In the heart of the city’s business district and attached to the massive Barbican Centre complex, the Museum of London is no quiet country house. But when a museum aims to provide a comprehensive history of the largest urban area in Europe, a city centre location is surely fitting. The scope of the Museum of London is also as enormous as the city it covers: beginning some 450,000 years ago and ending roughly in the late twentieth century, it’s impossible even to do a quick walk-through of this museum in less than an hour and a half. 

The galleries are roughly divided into three main areas - ancient London, Medieval London, and modern London - and within these, narrower themes serve to make sense of such huge chunks of time. “London before London,” dealing with prehistory up until the Roman invasion, predictably has a heavy focus on archaeology. Huge horned skulls, early stone tools galore, ceremonial axe-heads and preserved skeletons are on display. My favourite item was a little wooden man, a replica of the Dagenham Idol, with haunting, carved hollow eyes.

“Medieval London” is just as massive in scope - spanning 1000 years of history, including plagues, famines, various revolts, and the great fire. Here, you can wander into replica housing from 950 AD, listen to an audio-visual installation about the Black Plague, and peep into a model home interior of a seventeenth-century merchant. There is an overwhelming number of display cases, and it’s not always clear where to look next, but don’t miss the scale model of Shakespeare’s Rose Theatre - incredibly detailed - or the small display on the development of printing and books.

The galleries of modern London - completely revamped in 2010 - are chock-full of displays and huge installations that emphasize London’s social divides. A room entirely papered by Charles Booth’s Map of London Poverty sits next to a lavish Art Deco lift; Suffrage paraphernalia (including suffragette stockings, banners, and the iron belts they used to chain themselves to public buildings) sit in between glamorous posters and a dark room dedicated to WWII. The final section, dealing with 1950 to the present day, fizzles out somewhat - it’s full of vintage memorabilia, but present-day London is somewhat underwhelmingly covered.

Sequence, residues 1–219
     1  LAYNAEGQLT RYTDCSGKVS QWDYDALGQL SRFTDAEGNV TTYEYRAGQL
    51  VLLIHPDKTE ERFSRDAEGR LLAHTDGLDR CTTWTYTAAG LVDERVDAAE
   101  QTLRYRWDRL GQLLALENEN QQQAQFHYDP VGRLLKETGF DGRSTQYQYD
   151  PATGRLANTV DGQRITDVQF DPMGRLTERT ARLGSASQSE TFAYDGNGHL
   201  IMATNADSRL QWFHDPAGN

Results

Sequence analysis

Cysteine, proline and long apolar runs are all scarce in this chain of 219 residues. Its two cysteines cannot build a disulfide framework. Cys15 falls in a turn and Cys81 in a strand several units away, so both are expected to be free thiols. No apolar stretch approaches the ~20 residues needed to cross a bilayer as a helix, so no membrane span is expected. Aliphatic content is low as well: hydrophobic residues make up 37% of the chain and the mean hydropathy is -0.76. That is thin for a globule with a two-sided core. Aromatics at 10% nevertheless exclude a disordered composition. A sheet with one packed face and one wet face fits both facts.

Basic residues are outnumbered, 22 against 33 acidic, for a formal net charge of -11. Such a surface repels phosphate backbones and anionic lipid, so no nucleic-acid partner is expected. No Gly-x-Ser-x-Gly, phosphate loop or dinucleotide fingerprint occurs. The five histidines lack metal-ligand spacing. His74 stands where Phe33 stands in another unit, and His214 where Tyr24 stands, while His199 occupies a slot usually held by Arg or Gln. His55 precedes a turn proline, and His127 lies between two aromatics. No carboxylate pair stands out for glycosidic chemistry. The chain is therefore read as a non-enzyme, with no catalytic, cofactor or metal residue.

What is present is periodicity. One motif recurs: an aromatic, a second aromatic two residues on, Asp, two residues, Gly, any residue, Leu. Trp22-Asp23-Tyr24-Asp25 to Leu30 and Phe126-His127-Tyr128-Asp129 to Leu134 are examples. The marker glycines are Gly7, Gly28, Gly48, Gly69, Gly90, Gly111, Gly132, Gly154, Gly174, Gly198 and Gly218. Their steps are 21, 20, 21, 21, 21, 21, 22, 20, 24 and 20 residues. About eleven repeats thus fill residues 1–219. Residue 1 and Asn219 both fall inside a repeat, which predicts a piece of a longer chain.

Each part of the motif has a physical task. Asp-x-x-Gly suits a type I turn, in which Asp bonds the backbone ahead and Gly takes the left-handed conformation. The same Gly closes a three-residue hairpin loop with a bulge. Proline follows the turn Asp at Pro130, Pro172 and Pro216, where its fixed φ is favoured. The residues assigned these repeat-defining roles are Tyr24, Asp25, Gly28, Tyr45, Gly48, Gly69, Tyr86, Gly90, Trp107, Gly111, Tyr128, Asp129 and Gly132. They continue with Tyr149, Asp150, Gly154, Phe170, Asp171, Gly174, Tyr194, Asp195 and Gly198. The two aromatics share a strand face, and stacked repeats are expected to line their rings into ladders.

The strengths of the Museum of London are its abundance of fascinating objects on display, and their immersive period-themed environments. The eighteenth-century Pleasure Garden hall is a charming way to display a collection of period costumes - complete with video and sound clips of gossipy garden walkers. Most impressive is the Victorian Walk, with its full-sized shop windows and even a little pub to sit inside. All of it is slick, modern, and interactive: far from reading unending panels of text, the museum’s primary focus is on the visual.

The Museum is hugely kid-friendly, too, and many school groups visit during weekdays and term time. Large-print text on the information panels, and activities aimed at child's eye height make the displays accessible to younger visitors, and there is even the occasional costumed guide with an activity table ready to bring Roman London history to life.

With a collection of over two million objects - the largest archaeological archive in Europe - the Museum of London can be understandably overwhelming. If you can’t afford to spend a solid few hours wandering through the galleries, it’s well worth a second trip - it’s the kind of place that will yield new treasures each time you visit.

Museum of LondonKate Mason reviews the Museum of London.4